On 30th May 2020, for the first time in human history, a private company launched two people into orbit. Space travel of any kind can spark a millennia old fascination with the night sky. From earth, our view of space is no greater than that of our ancestors; often seeing far less in starless, light polluted skies. Our images of space have been influenced by cameras able to look where we cannot, though rather than clarify space as something we can understand, they present an unfathomable concept of the universe. This can be an inspiring concept, as the vastness of space turns stargazing into time travel. While for some, these images form the basis of scepticism, forgery and flatness, as even the most scientific images become the subject of mistrust. What hangs over all of this, today as it has before, is the cost of these now commercial ventures into space, which sit in stark contrast to the efforts made on earth, where economic inequality, the climate disaster, and racial injustices remain. Who is (this) space travel for?

The commercialisation of space is an inevitable consequence of neoliberal capitalism. It seems inevitable then, that if vacuums of space can be commodified, so too can the ephemeral landscape where this programme sits, the internet. This space has become a point of focus during the pandemic(s), as a space to explore while we Stay at Home. The resulting cascade of online exhibitions (this included) highlights how little is known about online practice, in the underwhelming use of such a familiar platform. The struggle to fully comprehend the complexity of the internet is understandable, as we travel here through smartphones, tablets, and computers containing more processing power than the first Apollo missions. Through these personal devices we enter our lives, interests, and experiences; both positive and negative. It is here where people connect, learn, socialise, identify and reach out to others outside the restrictions of physical space.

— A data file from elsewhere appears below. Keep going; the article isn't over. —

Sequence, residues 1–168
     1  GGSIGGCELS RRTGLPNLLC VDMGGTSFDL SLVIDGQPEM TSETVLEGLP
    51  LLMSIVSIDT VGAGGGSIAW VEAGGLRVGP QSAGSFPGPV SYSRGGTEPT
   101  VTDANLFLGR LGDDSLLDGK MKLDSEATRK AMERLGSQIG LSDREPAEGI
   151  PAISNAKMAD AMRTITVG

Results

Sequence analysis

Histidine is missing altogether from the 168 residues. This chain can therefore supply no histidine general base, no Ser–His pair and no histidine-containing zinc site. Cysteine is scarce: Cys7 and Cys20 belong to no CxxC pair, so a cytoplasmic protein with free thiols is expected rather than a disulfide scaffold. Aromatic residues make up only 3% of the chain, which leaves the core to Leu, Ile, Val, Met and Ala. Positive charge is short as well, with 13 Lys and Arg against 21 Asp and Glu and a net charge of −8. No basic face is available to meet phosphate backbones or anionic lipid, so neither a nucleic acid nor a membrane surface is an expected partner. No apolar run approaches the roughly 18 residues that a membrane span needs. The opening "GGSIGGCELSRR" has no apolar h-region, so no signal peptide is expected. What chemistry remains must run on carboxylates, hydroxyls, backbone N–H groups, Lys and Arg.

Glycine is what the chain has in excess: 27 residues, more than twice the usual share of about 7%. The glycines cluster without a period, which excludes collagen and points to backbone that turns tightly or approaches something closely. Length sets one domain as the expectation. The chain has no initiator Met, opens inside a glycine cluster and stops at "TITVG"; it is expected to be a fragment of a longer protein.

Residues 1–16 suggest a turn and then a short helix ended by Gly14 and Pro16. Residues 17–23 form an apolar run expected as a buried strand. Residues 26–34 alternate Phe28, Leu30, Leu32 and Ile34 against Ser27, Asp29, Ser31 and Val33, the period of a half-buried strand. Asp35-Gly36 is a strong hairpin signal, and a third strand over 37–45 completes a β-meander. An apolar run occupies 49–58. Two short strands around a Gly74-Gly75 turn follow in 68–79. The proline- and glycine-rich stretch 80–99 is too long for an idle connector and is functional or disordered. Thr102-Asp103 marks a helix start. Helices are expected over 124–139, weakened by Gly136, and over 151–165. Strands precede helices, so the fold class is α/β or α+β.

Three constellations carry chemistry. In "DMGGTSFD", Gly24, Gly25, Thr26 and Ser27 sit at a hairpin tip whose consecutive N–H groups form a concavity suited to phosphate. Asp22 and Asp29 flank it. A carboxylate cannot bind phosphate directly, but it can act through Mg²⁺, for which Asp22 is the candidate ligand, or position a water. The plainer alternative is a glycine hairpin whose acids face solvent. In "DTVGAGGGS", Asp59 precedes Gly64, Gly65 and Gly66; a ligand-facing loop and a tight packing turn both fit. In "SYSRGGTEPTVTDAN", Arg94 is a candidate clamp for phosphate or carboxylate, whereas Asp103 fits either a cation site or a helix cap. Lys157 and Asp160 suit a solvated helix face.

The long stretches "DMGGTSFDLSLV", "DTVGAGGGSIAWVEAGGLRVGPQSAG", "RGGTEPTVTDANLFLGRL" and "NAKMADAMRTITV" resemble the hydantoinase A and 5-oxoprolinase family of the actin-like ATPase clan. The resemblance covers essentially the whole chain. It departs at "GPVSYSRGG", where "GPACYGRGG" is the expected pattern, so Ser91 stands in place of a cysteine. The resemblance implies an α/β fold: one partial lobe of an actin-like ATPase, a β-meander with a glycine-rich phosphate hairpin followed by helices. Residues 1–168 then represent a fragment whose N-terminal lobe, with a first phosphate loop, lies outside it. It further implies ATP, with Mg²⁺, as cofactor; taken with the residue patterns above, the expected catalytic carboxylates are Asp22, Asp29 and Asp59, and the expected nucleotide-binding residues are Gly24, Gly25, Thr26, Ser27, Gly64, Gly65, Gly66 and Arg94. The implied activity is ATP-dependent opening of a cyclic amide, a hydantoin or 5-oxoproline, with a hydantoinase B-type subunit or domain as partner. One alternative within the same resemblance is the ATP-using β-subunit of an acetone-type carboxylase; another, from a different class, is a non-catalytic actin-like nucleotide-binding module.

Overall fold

The internet, like space, appears vast, unfillable; they have a seemingly unlimited net worth. And although the internet is far more physical than our experience of it — The Cloud is far from vaporous — it functions as a black hole of data, absorbing our content, attention, considerations, interests. There are monsters in this space, leviathans lurking, not in the dark matter, but on the surface, buying and selling user engagement through smiley-face branding. How much is a YouTube video, Tweet, or personalised ad? This ephemeral, post-industrial labour is supporting vast increases in wealth, and as commercial space travel takes its first step, user labour may soon be exchanged for space travel. One small click for us(ers), one giant leap for Silicon Valley.

This programme aims to raise some of these questions, featuring content made available online by their maker or otherwise. These video wormholes converge here, bringing together emerging and established makers of experimental video, cinema and space travel. Some uphold their original form, made for interstellar travel. Others perhaps mutated, distorted, alien. Yet all share a mutual connection to the unknowns of space, both physical and digital, as unknowns worthy of imagination.

Saints Day Militello, video, 2017/19, Ella Mccartney

2001: A Space Odyssey, 1968, Sfx Douglas Trumbull, Dir. Stanley Kubrick

Car wash, video, 2019, Ella Mccartney

Almossstt the Moon 8, video, 2019, Patrick Bradley

Ellipsis, 2010, Nooshin Farhid (Voiceover: Ross Mullan)

LuAfPoD, 2016, Jamaal Tolbert

UFOs: The Best Evidence Ever (Caught on Tape), iPhone 7 Plus, 17/03/19, Jamie Jenkinson (co-programmer, duration optional)

First Flight, video, 2006, Mariya Nikiforova

Strange Space (For Aids Awareness program Public TV broadcast), video, 1993, Leslie Thornton, co-produced with Ron Vawter